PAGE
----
There is a way, thanks to a lesser-known
, to save an additional $37,000 a year into tax-free savings. This involves the use of after-tax savings. A 401(k) plan allows three types of contributions by the employee:
- Pre-tax contributions (tax-deferred)
- Roth contributions (tax-free)
- After-tax contributions (tax-free on contributions, but tax-deferred on earnings)
The limit on pre-tax or Roth 401(k) is $19,000, or $26,000 if you are age 50 or over. The overall limit on a 401(k) plan is $56,000 ($63,000 if age 50 or over). This includes employee contributions, employer contributions (like a matching contribution) and after-tax contributions. This means that a plan participant could conceivably add $37,000 a year to after-tax contributions. At first glance, that would seem advantageous, but all the earnings are merely tax-deferred. Saving $37,000 a year would generate significant income. It then follows that it would make more sense to save outside of the plan to reap the rewards of qualified dividends and capital gains treatment.
This is true except when one considers Rev Notice 2014-54. This pronouncement allows after-tax contributions to be rolled to a Roth IRA. This means that a plan participant made a $19,000 contribution to their 401(k) and subsequently made an additional $20,000 after-tax contribution, they could roll that after-tax contribution into a Roth upon leaving the employer, or if the plan allows, an in-service withdrawal. Plans must allow in-service withdrawal at age 59 ½ or older. The after-tax ‘Mega-Roth’ is a great way to catch up on Roth savings. These savings strategies are becoming more common, in fact, The Cleveland Clinic and Quicken Loans are examples of employers who have added a MEGA Roth option to their plan offerings for their employees.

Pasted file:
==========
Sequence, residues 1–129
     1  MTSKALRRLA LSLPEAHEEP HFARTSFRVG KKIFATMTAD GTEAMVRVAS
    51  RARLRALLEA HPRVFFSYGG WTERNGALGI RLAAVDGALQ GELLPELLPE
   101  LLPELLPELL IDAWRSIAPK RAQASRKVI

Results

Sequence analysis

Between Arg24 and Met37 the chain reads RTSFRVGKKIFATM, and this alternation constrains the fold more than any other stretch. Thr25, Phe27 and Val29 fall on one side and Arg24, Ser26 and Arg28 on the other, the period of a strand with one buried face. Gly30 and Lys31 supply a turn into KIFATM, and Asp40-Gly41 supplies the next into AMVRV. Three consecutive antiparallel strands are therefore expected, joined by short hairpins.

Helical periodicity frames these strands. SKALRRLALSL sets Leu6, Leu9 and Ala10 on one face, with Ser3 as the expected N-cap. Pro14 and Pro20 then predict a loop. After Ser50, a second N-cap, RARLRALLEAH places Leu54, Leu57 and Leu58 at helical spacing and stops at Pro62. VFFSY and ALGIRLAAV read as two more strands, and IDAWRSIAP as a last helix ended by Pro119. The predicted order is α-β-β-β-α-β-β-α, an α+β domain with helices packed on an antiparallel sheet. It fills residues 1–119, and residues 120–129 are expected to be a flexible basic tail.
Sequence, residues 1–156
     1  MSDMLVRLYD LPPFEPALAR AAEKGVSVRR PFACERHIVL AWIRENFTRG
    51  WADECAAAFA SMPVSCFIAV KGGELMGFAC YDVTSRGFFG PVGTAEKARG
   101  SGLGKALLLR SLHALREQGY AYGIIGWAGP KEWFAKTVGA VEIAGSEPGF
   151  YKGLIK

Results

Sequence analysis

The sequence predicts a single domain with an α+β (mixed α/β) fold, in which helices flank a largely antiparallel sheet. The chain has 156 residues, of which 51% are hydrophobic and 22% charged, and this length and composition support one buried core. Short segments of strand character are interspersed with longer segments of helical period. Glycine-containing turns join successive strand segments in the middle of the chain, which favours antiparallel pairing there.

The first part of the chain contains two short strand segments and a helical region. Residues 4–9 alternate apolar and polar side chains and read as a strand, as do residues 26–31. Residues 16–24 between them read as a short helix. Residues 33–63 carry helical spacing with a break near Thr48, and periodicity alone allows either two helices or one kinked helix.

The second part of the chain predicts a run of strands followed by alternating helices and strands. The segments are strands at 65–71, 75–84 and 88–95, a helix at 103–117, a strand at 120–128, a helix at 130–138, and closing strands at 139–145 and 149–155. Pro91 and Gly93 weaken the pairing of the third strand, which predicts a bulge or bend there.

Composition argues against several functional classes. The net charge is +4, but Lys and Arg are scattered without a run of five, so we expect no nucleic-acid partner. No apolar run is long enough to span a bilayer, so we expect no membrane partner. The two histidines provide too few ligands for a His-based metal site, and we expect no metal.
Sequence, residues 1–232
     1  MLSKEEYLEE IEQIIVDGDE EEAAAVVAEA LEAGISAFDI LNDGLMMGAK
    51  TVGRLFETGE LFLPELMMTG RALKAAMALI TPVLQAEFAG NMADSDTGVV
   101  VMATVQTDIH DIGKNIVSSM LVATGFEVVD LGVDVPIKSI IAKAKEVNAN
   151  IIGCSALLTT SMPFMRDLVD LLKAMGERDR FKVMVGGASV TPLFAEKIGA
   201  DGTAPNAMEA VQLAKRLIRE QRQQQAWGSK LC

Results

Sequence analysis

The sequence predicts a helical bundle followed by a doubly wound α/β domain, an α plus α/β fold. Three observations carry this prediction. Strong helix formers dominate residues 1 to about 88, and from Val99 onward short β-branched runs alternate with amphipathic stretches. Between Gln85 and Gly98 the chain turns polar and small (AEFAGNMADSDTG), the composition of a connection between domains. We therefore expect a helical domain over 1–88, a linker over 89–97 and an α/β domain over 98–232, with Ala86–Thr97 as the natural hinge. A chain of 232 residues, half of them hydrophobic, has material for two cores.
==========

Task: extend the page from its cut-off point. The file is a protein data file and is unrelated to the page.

Here’s an example: Willard is 50 and saves the maximum $26,000 in his employer’s plan. Willard’s employer matches the first 5% of his contributions, so his employer puts an additional $7,500 into his plan as well. In this scenario, the plan allows after-tax contributions. Willard can make an additional after-tax contribution of $29,500 ($63,000 – $26,000 – $7,500). If he makes this contribution over 10 years, his after-tax contributions and earnings will accumulate, at 7%, to about $421,000. He could roll his after-tax contributions of $295,000 into a Roth IRA. At 59 ½, Willard can do an in-service withdrawal to the Roth. Note that he would have to roll out his whole balance, the taxable portion to a rollover IRA and the after-tax and Roth 401(k) to a Roth IRA. Allowing the $295,000 Roth to remain invested would provide an eventual tax-free legacy to children that could be left for an additional 10 years after Willard’s death. If Willard left the $295,000 invested at 7% and died at age 85, the Roth IRA could be worth over $1.6 million at his death (at 7%) and over $3.1 million 10 years later.